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Perennial herbs make a great framework for your herb garden - they're the gift that keeps on giving!
They are the ones that you plant once and they come up year after year - annuals (eg basil) you sow and they germinate and die in the same year, biennial (eg parsley) sow one year, they germinate that year, flower the next and then die.
The basic cycle for a perennial plant is to have a dormant season (in the case of these herbs, that's normally winter) emerge in the spring, grow through the summer into the fall (autumn) and the top growth then dies back to start again the following year.
They are good value herbs, but you need to position them carefully when you first plant them. Have a mind to how tall they grow and what aspect they need - whether it's shade, full sun, partial shade, protection from frost, wind etc.
Consider also if they will spread and leave space between them when you first put them into the ground. They'll soon fill out as they mature.
You don't have to grow them all - just look at the list and see which ones you use regularly, perhaps plant a couple you'd like to try and bear in mind the bees - go for some plants that will attract the pollinators as your whole garden will benefit from that.
The other herb category is shrubby herbs - things like bay, sage, rosemary and thyme which are mainly evergreen and also contribute to the 'framework'.
Below is a list of the most common culinary perennial herbs and some brief details. For more information on each herb, click the highlighted link in each entry to go through to the 'growing' page.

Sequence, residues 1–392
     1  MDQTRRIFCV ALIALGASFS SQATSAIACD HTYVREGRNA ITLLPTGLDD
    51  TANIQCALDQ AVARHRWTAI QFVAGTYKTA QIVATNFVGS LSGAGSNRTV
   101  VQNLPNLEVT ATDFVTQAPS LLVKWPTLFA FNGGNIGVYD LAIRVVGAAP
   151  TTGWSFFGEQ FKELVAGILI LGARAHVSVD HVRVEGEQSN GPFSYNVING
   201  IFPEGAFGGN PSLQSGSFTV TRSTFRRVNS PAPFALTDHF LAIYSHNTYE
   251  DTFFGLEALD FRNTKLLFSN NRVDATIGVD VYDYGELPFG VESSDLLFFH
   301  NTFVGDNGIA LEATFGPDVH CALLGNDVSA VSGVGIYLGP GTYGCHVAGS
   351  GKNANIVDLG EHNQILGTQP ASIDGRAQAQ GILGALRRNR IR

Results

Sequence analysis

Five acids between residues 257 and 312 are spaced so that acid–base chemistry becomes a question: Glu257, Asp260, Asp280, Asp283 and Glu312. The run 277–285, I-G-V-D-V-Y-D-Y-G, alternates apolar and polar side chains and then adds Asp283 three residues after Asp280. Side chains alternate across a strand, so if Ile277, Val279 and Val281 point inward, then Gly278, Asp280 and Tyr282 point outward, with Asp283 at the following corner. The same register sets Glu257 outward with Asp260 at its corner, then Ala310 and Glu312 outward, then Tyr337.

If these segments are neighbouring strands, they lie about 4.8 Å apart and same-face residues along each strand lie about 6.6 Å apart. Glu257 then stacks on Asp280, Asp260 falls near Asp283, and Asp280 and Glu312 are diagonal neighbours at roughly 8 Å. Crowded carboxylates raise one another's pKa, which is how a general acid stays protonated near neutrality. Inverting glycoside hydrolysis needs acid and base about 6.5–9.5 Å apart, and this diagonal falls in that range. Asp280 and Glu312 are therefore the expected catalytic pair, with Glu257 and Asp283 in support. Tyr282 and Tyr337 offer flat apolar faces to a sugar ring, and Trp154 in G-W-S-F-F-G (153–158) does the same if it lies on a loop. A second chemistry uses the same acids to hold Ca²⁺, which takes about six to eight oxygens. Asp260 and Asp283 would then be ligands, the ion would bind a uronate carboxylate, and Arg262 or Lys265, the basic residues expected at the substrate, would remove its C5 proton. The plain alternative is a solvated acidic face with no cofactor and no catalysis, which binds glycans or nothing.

You can try a sample lesson to help you decide if the Herbal Academy of New England is the right choice for you - click the link below.Preview Lesson from the Introductory Herbal Course
Chives are one of my favourite perennial herbs - they have a delicate onion flavour and grow the most beautiful purple globe flowers in the summer. They grow around 6 to 12 inches high in clumps.
They are highly attractive to bees and other pollinators.
They're a tremendous plant to put into pots or use as an edging around a border - doesn't have to be the herb garden, as they'll look just as good round a flower border or use them in your vegetable or fruit garden to help attract pollinators.
I love them snipped into scrambled eggs, omelettes and potato salad. I like to sprinkle some over vegetable soups too.
Fennel is a feathery plant, it grows quite tall (up to five feet) so would need to be towards the rear of your herb garden. For that reason, you would perhaps need to stake it with a cane to give it some support.
It has a mild aniseed flavour and goes well with pork, fish and eggs.
It's been historically used as a remedy for flatulence and is a constituent of baby's gripe water.
It's a relative of the annual, dill - don't plant them near each other as they might cross pollinate and you'd get a weird hybrid.
Fiery hot horseradish - it looks a bit like dock leaves but if you notice, there is a wavy edge to the leaf and it's tall and thin proportionally.
You use the roots to make horseradish sauce which goes perfectly with beef and oily fish such as smoked mackerel. Grate it finely and sprinkle a little on avocado or chopped eggs mixed with mayonnaise for a sandwich filling.
It is extremely invasive - the long tap roots can break off as you harvest it and you can end up with a huge bed of it. Be ruthless and dig up what you don't need. You can sow the small pieces in pots and give them away to friends!